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Hila'rius or Hila'rius Pictaviensis

surnamed PICTAVIENSIS, the most strenuous champion of the pure faith among the Latin fathers of the fourth century, the “Malleus Arianorum,” as he has been designated by his admirers, was born at Poitiers, of a good family, although the name of his parents is unknown, and carefully instructed in all the branches of a liberal education. Having been induced, after he had attained to manhood, to study the Scriptures, he became convinced of the truth of Christianity, made an open profession of his belief, was baptized along with his wife and his daughter Abra, and resolved to devote himself to the service of religion. Of the early portion of his career in this new vocation we know nothing, but his character as a man of learning and piety must have been held in high esteem, for about the year A. D. 350, although still married, he was elected bishop of his native city. From that time forward the great object of his existence was to check the progress of Arianism, which had spread all over the East, and was making rapid strides in Gaul. At his instigation the Catholic prelates excommunicated Saturninus, bishop of Arles, a zealous partizan of the heretics, together with his two chief supporters, Ursacius and Valens. But at the council of Beziers, convoked in 356 by Constantius, ostensibly for the purpose of calming these dissensions, a triumph was achieved by the adversaries of Hilarius, who by a rescript from the emperor was banished, along with Rhodanus, bishop of Toulouse, to Phrygia, which, as well as the rest of Asia Minor, was strongly opposed to Trinitarian doctrines. From this remote region he continued to govern his diocese, to which no successor had been appointed, and drew up his work De Synodis, that he might make known throughout Gaul, Germany, and Britain, the precise nature of the opinions prevalent in the East. In 359 a general meeting of bishops was summoned to be held at Seleuceia, in Isauria; and Hilarius, having repaired thither uninvited, boldly undertook, although almost unsupported, to maintain the consubstantiality of the Word, against the Anomeans and other kindred sectaries, who formed a large majority of the assembly. From thence he betook himself to Constantinople, at that time the very focus of Arianism, where his indefatigable importunity proved so troublesome to the court, and his influence with the more moderate among the Oriental ecclesiastics so alarming to the dominant faction, that he was ordered forthwith to return to his bishopric, where he was received in triumph, about the period of Julian's accession (361), and at this time probably published his famous invective against the late prince. For some years he found full occupation in reclaiming such of the clergy as had subscribed the confession of faith sanctioned by the council of Ariminum, and in ejecting from the church his old enemy Saturninus, along with these who refused to acknowledge their errors. In the reign of Valentinian (364), however, not satisfied with regulating the spiritual concerns of his own country, he determined to purify Italy also, and formally impeached Auxentius, bishop of Milan, who stood high in imperial favour, although suspected of being in his heart hostile to the cause of orthodoxy. The emperor forthwith cited the accuser and the accused to appear before him, and to hold a conference upon the disputed points of faith in the presence of the high officers of state. Auxentius unexpectedly, and perhaps unwillingly, gave unexceptionable answers to all the questions proposed; upon which Hilarius, having indignantly denounced him as a hypocrite, was expelled from Milan as a disturber of the tranquillity of the church, and, retiring to his episcopal see, died in peace four years afterwards, on the 13th of January, A. D. 368.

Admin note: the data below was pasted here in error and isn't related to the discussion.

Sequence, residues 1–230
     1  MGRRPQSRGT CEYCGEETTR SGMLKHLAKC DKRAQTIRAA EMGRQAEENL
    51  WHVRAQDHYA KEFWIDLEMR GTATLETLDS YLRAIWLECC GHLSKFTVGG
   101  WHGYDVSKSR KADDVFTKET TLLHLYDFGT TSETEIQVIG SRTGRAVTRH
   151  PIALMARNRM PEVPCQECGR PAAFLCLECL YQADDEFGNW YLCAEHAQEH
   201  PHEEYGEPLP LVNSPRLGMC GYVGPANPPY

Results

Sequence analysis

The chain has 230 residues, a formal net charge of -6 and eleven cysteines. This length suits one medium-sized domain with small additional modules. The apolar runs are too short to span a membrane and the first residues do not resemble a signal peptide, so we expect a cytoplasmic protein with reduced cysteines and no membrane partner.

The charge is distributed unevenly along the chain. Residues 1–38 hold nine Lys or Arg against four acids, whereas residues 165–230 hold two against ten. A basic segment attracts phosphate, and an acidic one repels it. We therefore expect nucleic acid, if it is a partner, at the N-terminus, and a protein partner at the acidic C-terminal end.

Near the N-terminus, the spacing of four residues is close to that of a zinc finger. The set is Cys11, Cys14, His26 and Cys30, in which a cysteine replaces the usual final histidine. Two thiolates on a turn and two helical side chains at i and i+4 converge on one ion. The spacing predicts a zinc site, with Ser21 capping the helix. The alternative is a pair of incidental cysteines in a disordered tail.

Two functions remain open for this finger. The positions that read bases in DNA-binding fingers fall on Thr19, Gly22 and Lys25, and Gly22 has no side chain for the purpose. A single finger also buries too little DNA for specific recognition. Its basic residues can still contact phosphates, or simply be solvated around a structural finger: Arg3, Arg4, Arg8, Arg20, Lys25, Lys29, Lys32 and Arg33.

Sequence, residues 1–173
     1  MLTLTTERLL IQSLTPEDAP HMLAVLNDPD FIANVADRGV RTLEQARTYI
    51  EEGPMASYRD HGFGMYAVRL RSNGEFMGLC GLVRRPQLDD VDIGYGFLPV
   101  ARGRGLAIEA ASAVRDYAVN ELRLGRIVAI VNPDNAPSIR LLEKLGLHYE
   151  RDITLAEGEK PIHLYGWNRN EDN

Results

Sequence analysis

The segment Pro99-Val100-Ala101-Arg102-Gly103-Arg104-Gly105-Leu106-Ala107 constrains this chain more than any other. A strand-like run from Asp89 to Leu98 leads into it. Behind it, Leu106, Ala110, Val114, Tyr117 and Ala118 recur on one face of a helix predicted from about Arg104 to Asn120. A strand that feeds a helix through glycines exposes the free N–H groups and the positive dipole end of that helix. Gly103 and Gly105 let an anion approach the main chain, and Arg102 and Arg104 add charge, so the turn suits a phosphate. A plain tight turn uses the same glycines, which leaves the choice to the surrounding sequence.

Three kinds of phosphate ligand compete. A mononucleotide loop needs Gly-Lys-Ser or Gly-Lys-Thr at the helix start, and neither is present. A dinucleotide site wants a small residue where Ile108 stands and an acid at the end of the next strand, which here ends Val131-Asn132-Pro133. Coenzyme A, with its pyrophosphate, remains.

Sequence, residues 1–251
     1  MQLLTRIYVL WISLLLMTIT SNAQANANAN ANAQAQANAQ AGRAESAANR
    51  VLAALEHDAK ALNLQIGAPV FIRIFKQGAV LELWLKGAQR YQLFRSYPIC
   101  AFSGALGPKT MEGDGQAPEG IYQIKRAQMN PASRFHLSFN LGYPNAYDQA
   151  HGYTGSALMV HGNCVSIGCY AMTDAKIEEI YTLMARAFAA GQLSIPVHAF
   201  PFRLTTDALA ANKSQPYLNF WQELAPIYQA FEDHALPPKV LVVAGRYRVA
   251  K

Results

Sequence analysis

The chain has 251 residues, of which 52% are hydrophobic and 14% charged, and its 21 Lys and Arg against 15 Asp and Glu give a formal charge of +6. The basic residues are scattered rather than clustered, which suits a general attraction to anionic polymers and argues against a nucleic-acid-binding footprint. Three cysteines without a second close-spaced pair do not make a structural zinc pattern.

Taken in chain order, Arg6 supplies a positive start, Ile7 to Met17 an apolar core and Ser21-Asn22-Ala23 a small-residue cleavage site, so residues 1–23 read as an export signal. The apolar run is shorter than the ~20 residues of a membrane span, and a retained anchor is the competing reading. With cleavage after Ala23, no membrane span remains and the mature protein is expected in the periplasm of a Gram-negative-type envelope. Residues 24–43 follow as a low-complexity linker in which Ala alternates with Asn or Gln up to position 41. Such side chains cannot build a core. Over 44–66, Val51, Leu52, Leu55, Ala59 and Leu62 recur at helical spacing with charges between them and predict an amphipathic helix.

The extant works of this prelate, arranged in chronological order, are the following:--


written it is believed in A. D. 355. It is a petition in which he implores the emperor to put an end to the persecutions by which the Arians sought to crush their opponents, produces several examples of their cruelty, and urges with great force, in respectful language, theright of the Catholics to enjoy toleration.